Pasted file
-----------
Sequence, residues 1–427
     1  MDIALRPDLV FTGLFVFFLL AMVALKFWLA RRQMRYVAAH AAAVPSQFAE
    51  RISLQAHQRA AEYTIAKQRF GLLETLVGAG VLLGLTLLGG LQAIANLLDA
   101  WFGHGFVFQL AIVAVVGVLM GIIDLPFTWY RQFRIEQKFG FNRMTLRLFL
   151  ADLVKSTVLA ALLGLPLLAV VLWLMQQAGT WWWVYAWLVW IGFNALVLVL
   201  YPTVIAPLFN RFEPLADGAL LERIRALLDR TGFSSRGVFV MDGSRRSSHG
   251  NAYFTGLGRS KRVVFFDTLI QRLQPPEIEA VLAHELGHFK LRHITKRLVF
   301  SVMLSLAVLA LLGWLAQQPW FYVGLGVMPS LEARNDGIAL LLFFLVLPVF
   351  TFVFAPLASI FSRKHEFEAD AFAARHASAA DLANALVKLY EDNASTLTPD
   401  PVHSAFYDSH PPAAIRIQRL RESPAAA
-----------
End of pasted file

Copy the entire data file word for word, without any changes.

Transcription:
Sequence, residues 1–427
     1  MDIALRPDLV FTGLFVFFLL AMVALKFWLA RRQMRYVAAH AAAVPSQFAE
    51  RISLQAHQRA AEYTIAKQRF GLLETLVGAG VLLGLTLLGG LQAIANLLDA
   101  WFGHGFVFQL AIVAVVGVLM GIIDLPFTWY RQFRIEQKFG FNRMTLRLFL
   151  ADLVKSTVLA ALLGLPLLAV VLWLMQQAGT WWWVYAWLVW IGFNALVLVL
   201  YPTVIAPLFN RFEPLADGAL LERIRALLDR TGFSSRGVFV MDGSRRSSHG
   251  NAYFTGLGRS KRVVFFDTLI QRLQPPEIEA VLAHELGHFK LRHITKRLVF
   301  SVMLSLAVLA LLGWLAQQPW FYVGLGVMPS LEARNDGIAL LLFFLVLPVF
   351  TFVFAPLASI FSRKHEFEAD AFAARHASAA DLANALVKLY EDNASTLTPD
   401  PVHSAFYDSH PPAAIRIQRL RESPAAA